Feb 28 (Reuters) - Global agricultural commodities trader Bunge Ltd said continued conflict in Ukraine and stinging sanctions on Russia could have an “adverse effect” on its operations in the breadbasket region.
Bunge and rival agribusinesses Archer-Daniels-Midland Co and Cargill Inc suspended operations in Ukraine last week after Russia invaded its neighbor. But none have stopped their business in Russia so far.
The conflict is threatening to further tighten global grain and edible oils supplies, likely exacerbating soaring food inflation. Russia and Ukraine supply nearly 30% of the world’s wheat exports, about 19% of corn exports and around 80% of sunflower oil.
“The continuation of the conflict may trigger a series of additional economic and other sanctions ... Any such sanctions may also result in an adverse effect on our Russian operations,” Bunge said in a filing with the U.S. Securities and Exchange Commission.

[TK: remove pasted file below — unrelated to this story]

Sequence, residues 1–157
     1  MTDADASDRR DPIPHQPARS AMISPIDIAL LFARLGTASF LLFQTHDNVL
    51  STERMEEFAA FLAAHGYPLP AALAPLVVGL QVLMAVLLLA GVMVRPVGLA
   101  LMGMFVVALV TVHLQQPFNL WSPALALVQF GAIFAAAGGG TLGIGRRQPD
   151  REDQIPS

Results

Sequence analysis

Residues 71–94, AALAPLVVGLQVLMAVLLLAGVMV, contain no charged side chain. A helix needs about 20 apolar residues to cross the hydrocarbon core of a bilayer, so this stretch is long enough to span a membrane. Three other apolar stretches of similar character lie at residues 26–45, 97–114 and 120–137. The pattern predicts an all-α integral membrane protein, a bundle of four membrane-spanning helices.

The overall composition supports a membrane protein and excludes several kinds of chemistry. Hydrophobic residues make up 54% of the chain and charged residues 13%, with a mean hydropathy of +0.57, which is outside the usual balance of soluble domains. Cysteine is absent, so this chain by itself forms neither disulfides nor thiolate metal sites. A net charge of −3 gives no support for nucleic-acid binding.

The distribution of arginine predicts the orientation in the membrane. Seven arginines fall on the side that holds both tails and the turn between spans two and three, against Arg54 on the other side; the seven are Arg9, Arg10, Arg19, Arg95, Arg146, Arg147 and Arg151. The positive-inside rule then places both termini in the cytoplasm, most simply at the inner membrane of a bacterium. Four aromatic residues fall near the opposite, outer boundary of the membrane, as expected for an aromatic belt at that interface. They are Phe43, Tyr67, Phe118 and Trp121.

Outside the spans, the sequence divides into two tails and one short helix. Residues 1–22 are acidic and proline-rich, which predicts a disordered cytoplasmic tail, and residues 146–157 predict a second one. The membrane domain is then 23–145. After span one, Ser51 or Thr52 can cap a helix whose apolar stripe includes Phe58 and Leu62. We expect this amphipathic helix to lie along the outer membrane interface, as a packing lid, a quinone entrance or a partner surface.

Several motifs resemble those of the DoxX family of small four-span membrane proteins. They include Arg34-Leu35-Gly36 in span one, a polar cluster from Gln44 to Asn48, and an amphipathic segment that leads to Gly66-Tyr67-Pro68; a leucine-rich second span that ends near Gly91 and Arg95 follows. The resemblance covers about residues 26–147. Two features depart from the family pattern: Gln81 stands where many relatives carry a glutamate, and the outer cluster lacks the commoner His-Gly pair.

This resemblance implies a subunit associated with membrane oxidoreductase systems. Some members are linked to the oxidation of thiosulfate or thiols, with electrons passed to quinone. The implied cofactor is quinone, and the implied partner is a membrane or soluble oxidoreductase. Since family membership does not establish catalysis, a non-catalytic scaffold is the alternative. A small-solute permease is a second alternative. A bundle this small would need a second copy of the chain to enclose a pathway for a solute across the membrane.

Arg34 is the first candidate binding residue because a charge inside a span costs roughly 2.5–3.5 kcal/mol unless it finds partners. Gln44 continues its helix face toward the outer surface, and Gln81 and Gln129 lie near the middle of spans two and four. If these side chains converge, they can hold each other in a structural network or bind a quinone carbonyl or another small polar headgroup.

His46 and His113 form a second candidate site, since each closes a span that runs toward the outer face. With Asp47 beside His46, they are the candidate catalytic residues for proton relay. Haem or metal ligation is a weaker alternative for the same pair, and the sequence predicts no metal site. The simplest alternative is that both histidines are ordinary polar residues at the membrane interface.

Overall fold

The West has moved to punish Russia by closing airspace to Russian aircraft, shutting out some Russian banks from the SWIFT global financial network and restricting Moscow’s ability to use its foreign reserves. A growing list of companies were looking to exit Russia on Monday.
Bunge has been scaling back its Russian grain trading activities in recent years, including the sale of its Rostov grain export terminal last year that has left it with just $121 million in assets in Russia, according to the filing.
Archer-Daniels-Midland did not have an immediate comment on its Russian operations. The company has an arm of its WILD flavorings business in Russia and owns a 50% stake in Aston Foods and Food Ingredients, a sweeteners and starches business.
Cargill maintains a far larger presence in Russia, with about 2,500 employees and investments of more than $1.1 billion in grain and oilseed processing, animal feed, poultry processing and other businesses, according to the Cargill website.
Cargill declined to comment. (Reporting by Karl Plume in Chicago Editing by Marguerita Choy)
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